It’s not uncommon for teens who drink, abuse substances, or have behavioral problems to be perceived as having a high risk of mental health problems. But although these behaviors tend to be more obvious, there’s another group of behaviors that are “invisible” to those who aren’t paying attention. According to a new study, cell phone use, sleep deprivation, and a lack of exercise, together, can point to psychiatric illness in teens.
Becoming a recluse, and staying up all night to use some form of media, whether it’s a TV or the internet, can cause a teen to lose sleep, and subsequently, the will to exercise. These behaviors may indicate that a teen is at risk of anxiety, depression, and suicidal thoughts, the researchers said.
Adults who see teens partaking in these activities “do not generally perceive these behaviors as particularly harmful for reasons for concern,” the researchers from the Karolinska Institute in Sweden wrote. “Nevertheless, the high- and the invisible-risk groups have a very similar prevalence of depressive symptoms, anxiety symptoms, and suicidal thoughts.” Their results appear in the journal World Psychiatry.
The study involved over 12,000 adolescents throughout 11 different European countries. They were asked about various risk behaviors — drug/alcohol use, sleep time, missing school — that have been linked to psychiatric symptoms. Once their answers were organized, it became clear that besides the high- and low-risk groups, there was also the “invisible” risk group. “As many as nearly 30 percent of the adolescents clustered in the ‘invisible’ group that had a high level of psychopathological symptoms,” said Vladimir Carli, of the National Center for Suicide Research and Prevention of Mental Ill-Health at the Karolinska Institute, in a statement.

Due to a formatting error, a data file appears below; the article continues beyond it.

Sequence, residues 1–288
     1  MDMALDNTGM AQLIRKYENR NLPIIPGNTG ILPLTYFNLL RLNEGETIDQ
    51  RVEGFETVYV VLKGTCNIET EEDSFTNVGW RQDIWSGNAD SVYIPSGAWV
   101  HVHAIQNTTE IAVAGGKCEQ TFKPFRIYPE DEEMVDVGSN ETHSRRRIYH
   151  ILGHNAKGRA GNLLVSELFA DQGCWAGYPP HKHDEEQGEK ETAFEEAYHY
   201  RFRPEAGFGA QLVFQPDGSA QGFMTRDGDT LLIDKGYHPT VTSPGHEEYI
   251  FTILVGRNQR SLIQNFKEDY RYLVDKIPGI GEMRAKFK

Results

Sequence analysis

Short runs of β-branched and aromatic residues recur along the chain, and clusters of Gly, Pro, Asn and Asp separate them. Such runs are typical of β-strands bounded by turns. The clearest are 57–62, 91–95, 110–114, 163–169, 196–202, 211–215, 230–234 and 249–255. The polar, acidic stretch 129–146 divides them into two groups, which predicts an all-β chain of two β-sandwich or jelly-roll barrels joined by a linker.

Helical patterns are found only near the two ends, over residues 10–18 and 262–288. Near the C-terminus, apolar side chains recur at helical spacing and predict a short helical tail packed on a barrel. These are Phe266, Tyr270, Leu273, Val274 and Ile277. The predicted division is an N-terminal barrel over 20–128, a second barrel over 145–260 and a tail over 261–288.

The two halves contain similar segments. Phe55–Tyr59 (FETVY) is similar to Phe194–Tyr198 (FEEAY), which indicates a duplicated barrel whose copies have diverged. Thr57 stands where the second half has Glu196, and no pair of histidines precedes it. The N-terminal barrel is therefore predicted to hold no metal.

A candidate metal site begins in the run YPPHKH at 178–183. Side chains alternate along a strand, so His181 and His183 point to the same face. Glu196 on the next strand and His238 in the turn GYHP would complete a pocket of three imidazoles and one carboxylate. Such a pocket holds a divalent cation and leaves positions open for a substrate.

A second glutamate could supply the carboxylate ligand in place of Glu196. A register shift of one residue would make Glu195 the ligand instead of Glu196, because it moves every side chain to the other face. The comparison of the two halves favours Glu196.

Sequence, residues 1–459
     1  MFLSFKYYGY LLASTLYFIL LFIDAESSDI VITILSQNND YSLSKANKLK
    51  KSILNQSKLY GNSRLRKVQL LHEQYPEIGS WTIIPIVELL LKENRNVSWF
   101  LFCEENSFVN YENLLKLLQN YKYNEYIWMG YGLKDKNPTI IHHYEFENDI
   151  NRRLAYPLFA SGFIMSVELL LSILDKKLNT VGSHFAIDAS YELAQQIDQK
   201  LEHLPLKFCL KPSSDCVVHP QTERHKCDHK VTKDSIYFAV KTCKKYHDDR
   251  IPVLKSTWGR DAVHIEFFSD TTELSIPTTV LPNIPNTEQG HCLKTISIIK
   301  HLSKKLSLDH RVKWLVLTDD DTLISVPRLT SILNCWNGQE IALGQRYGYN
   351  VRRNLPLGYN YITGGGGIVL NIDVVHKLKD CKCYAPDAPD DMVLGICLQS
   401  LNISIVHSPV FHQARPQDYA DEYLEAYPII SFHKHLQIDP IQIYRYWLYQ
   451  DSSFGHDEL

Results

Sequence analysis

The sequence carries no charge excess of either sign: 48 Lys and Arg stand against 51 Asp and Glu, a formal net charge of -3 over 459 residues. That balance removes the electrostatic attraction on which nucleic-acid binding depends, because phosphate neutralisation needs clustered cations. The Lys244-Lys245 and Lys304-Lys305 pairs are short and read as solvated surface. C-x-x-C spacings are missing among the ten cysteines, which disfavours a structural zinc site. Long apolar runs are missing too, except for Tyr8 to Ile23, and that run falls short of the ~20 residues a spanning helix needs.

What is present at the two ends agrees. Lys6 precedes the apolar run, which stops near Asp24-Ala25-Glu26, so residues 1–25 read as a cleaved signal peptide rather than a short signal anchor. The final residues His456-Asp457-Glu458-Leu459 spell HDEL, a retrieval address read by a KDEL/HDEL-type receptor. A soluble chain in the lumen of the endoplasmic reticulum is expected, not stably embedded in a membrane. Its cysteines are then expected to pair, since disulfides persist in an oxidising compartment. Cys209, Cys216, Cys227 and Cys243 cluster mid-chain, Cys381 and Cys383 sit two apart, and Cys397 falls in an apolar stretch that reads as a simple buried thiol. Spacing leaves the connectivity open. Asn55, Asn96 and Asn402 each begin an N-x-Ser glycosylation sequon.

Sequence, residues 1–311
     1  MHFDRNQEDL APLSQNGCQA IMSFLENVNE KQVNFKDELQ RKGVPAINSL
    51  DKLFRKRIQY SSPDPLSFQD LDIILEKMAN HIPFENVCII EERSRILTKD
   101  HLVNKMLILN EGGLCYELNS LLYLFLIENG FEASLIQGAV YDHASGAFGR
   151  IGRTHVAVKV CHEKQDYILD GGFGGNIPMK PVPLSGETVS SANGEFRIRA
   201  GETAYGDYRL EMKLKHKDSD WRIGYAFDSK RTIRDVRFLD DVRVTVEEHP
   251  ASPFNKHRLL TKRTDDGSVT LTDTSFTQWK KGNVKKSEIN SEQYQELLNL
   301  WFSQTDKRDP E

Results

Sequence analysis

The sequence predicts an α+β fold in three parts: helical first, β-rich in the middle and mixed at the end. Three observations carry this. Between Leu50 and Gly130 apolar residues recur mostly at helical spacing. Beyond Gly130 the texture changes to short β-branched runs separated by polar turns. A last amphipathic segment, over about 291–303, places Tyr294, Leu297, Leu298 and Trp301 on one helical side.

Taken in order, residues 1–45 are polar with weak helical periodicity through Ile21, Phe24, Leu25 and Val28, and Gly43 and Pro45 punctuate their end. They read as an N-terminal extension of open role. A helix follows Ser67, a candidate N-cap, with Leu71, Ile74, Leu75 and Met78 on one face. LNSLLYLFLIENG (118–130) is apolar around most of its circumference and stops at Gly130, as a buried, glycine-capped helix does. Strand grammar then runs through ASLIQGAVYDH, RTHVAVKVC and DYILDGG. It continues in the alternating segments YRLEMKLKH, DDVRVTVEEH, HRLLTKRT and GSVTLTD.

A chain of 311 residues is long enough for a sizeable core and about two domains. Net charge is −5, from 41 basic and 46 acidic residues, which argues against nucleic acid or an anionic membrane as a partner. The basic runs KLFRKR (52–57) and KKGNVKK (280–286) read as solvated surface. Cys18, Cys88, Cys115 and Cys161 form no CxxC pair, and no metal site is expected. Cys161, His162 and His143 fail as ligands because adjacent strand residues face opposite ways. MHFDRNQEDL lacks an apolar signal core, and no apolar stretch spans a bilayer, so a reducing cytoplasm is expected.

Finding a solution may be difficult but not impossible. According to previous studies, the three factors putting teens at risk — media use, sleep deprivation, and physical activity — may all be interrelated. Reducing media use, for example, especially during the nighttime, could help teenagers sleep more because they’re helping their body produce melatonin, a hormone responsible for helping us sleep. In turn, this could lead to a domino effect, in which teens are more energetic, performing better in school and being more physically active. The end result: more happiness. Of course, treating already-present psychiatric problems will take other efforts.
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